Brain Atrophy in Alzheimer's Disease (AD)


Alzheimer's Disease (also Alzheimer's or Alzheimer's Dementia) is the leading cause of dementia and is characterised by memory loss, impairment of activites of daily living and behavioural changes that are slowly progressive.


30% of people aged >80


Increased risk with age


About 1.2 times more common in females

Risk Factors

[4] [5]

Signs and Symptoms

  • Memory Loss
  • Confusion
  • Abnormal Speech
  • Depression
  • Abnormal behaviour and personality change
    • Repetition
    • Social withdrawal
    • Irritability
    • Poor Adherence to treatment
  • Primitive reflexes may return


[7] [8]
Alzheimer's disease is associated with significant brain atrophy which can result in a loss of more than 10% of the brain's total weight. The majority of the atrophy occurs in cortical areas of the temporal, frontal and parietal lobes. Alzheimer's disease is preceded by a period of Mild Cognitive Impairment (MCI). Histologically, Alzheimer's disease is characterised by extracellular amyloid plaques and intacellular neurofibrillary tangles. This is the gold standard for diagnosis which can only be done post-mortem. Changes in Cerebrospinal Fluid beta-amyloid can be seen as early as 25 years before the onset of symptoms. The exact machanism behind the deposition of plaques and neurofibrillary tangles is still not fully understood. The basis for current treatment is based on damage to cholinergic neurons of the basal forebrain.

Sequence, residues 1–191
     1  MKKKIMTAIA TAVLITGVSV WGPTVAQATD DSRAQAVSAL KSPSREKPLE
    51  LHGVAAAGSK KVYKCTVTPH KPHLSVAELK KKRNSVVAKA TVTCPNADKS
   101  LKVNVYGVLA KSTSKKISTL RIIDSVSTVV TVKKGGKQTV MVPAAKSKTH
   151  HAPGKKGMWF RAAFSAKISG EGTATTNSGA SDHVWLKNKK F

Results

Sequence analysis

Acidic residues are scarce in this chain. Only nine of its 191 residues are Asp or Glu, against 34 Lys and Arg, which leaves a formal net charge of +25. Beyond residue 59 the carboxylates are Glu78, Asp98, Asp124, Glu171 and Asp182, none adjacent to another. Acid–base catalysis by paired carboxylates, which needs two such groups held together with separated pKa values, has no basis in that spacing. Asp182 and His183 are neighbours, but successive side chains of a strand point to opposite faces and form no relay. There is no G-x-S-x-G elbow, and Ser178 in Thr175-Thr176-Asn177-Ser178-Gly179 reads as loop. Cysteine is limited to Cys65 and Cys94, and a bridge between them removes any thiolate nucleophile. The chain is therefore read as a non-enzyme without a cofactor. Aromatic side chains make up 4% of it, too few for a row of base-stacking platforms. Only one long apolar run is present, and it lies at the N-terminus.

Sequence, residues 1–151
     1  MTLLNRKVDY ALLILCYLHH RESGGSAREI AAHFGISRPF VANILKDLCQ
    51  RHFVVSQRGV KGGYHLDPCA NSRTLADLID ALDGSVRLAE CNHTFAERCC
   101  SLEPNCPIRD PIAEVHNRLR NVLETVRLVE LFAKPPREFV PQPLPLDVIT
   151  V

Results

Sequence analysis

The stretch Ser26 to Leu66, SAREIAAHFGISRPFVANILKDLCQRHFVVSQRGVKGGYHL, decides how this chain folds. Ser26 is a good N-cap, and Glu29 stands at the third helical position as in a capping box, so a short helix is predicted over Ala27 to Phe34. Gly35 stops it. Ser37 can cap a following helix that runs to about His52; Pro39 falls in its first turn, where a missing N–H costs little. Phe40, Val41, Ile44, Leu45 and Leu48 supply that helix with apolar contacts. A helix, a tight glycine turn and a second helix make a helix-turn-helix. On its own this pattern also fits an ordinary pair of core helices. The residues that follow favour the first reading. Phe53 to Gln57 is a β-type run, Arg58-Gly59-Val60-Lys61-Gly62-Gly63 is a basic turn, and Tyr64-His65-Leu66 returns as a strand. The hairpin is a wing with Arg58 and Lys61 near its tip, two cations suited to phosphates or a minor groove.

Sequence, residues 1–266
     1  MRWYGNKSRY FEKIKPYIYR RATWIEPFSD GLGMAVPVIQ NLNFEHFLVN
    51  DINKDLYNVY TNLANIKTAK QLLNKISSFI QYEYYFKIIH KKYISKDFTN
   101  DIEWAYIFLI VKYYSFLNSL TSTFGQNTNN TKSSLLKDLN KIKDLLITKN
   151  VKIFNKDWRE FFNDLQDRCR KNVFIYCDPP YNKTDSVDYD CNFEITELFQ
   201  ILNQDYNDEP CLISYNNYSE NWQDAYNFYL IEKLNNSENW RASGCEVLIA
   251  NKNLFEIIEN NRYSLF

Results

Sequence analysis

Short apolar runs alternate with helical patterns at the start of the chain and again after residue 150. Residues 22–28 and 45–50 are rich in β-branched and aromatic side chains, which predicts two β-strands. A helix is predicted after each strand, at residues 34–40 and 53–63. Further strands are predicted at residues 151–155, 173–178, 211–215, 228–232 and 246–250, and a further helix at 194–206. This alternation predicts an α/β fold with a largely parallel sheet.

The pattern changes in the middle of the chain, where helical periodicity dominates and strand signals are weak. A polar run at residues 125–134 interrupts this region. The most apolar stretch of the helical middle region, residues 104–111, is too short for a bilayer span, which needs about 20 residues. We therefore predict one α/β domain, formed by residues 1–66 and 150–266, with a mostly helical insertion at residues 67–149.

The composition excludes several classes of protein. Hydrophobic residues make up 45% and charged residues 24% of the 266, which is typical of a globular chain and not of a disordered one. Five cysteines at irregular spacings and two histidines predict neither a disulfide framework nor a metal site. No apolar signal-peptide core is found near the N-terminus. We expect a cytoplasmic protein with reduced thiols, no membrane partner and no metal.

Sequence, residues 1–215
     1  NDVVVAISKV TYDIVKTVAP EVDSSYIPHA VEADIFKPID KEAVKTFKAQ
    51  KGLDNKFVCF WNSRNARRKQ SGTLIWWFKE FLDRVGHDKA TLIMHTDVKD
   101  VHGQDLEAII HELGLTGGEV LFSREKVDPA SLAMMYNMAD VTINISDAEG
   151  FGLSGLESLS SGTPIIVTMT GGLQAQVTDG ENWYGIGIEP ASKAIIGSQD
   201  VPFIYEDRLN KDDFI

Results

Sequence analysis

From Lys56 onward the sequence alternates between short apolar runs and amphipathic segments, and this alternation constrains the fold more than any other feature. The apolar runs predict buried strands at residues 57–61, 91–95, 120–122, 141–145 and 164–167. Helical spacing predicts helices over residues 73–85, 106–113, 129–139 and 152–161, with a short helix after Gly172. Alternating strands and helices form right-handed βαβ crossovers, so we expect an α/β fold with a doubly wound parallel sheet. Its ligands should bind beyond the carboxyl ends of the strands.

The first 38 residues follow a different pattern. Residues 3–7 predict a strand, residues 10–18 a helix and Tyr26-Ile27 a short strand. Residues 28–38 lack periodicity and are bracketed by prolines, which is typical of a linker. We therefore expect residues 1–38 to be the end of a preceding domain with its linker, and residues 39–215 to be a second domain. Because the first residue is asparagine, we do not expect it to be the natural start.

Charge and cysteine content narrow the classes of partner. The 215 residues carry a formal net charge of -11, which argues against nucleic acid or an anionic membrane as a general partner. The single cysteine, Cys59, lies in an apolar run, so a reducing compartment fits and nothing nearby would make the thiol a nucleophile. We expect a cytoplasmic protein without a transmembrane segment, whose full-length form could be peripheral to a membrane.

Alzheimer's diseases is diagnosed clinically; however, the most accurate test is a post-mortem biopsy showing histological changes of amyloid plaques and neurofibrillary tangles.

Differential Diagnosis


  • Supportive care and environmental control changes



Patients should be followed up every 6 months for evaluation of changes in cognition and functional capacity. It is also important to assess burden to carers, who may develop depression, and home risk. Many patients with Alzheimer's Disease eventually find themselves in nursing homes or high level care.




[14] [15]
There is no cure for Alzheimer's Disease. Patients progressively deteriorate becoming less interactive and less mobile. Immobility is associated with a number of different complications. The time from onset of symptoms varies from as little as three years to more than 10.

See Also

Oxford Handbook of Clinical Medicine - 9th edition p492-93
BMJ Best Practice - Alzheimer's Disease


Alzheimer's Disease brain atrophy image: "Alzheimers brain" by National Institutes of Health - Licensed under Public Domain via Commons -
  1. ^ Oxford Handbook of Clinical Medicine - 9th edition p492-93
  2. ^ Oxford Handbook of Clinical Medicine - 9th edition p492-93
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